American Journal of Medicine, internal medicine, medicine, health, healthy lifestyles, cancer, heart disease, drugs

Variation in the Use of Warfarin and Direct Oral Anticoagulants in Atrial Fibrillation and Associated Cost Implications

Little is known about national patterns of anticoagulant use among patients with atrial fibrillation after the availability of direct oral anticoagulants (DOACs) and the associated implications for healthcare spending.

Methods

The Medical Expenditure Panel Survey, a nationally representative survey, collects detailed information about prescription drug use, cost, and medical diagnoses. Using International Classification of Disease Ninth Edition (ICD-9) codes and self-reporting, adults with atrial fibrillation were estimated between 2010 and 2014. We examined proportions of patients receiving warfarin and DOACs overall and across sociodemographic and clinical groups. Total drug expenditures and out-of-pocket spending were calculated adjusting to 2014 US dollars.

Results

The study population ranged from 364 (equivalent to 4.7 million) in 2010 to 409 (equivalent to 5.5 million) in 2014. Overall use of any anticoagulant increased from 32.4% to 40.1%. DOAC use increased from 0.56% to 17.2%, and warfarin use declined from 32.8% to 22.9% (p trend < 0.01). This trend was seen in nearly all subgroups evaluated. Estimated prescription drug spending on DOACs and warfarin during this time rose from $330 million to $1.9 billion. Out-of-pocket costs for DOACs increased from $10 million to $218 million.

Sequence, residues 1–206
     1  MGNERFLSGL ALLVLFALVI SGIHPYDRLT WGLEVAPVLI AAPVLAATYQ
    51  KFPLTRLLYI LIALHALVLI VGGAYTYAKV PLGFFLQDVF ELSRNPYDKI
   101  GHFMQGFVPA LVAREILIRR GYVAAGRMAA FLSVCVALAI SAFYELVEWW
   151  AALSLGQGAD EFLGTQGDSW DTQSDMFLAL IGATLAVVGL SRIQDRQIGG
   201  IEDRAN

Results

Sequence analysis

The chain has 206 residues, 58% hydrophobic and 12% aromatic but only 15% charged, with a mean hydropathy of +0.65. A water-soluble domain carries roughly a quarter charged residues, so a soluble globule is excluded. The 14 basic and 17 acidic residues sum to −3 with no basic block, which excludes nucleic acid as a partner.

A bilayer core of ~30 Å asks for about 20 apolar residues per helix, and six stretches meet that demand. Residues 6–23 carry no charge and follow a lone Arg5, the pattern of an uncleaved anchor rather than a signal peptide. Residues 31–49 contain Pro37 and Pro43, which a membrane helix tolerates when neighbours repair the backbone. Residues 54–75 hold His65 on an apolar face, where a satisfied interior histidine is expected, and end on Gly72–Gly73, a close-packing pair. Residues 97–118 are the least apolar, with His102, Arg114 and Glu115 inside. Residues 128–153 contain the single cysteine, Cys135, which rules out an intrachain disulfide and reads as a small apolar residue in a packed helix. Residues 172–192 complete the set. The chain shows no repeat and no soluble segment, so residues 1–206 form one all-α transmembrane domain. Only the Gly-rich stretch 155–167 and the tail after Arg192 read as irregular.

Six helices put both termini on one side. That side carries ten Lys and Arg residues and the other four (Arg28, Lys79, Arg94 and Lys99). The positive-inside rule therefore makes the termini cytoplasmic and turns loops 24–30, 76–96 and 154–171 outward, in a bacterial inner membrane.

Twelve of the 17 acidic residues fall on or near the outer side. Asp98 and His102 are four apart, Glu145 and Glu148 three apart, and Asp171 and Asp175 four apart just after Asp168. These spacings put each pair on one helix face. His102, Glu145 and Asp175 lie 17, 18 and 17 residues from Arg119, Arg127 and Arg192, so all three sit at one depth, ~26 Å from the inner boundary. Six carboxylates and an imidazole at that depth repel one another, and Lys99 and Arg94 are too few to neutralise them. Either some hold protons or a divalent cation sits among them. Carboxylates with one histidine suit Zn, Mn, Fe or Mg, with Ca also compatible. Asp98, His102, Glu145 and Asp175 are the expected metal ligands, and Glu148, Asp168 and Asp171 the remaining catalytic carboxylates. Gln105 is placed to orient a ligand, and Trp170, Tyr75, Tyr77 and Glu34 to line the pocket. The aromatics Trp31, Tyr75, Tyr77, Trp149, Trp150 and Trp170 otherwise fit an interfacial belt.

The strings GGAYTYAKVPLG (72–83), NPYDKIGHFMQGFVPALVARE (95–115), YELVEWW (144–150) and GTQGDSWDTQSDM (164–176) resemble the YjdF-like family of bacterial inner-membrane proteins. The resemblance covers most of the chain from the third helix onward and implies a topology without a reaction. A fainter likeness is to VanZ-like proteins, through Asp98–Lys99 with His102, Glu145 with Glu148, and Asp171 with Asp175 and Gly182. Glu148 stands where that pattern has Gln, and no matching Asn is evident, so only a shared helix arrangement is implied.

Conclusion

In a large, nationwide cohort of adults with atrial fibrillation, we observed a rapid increase in the use of DOACs, significant disparities in medication use based on sociodemographic and clinical factors, and an increase in overall and out-of-pocket costs for anticoagulants corresponding to the increased use of DOACs. These patterns have important implications for healthcare quality, equity, and spending.

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-Benjamin A. Rodwin, MD, Joseph A. Salami, MD, MPH, Erica S. Spatz, MD, MHS, Javier Valero-Elizondo, MD, MPH, Salim S. Virani, MD, Ron Blankstein, MD, Michael J. Blaha, MD, MPH, Khurram Nasir, MD, MPH, MSc, Nihar R. Desai, MD, MPH

This article originally appeared in the January issue of The American Journal of Medicine.

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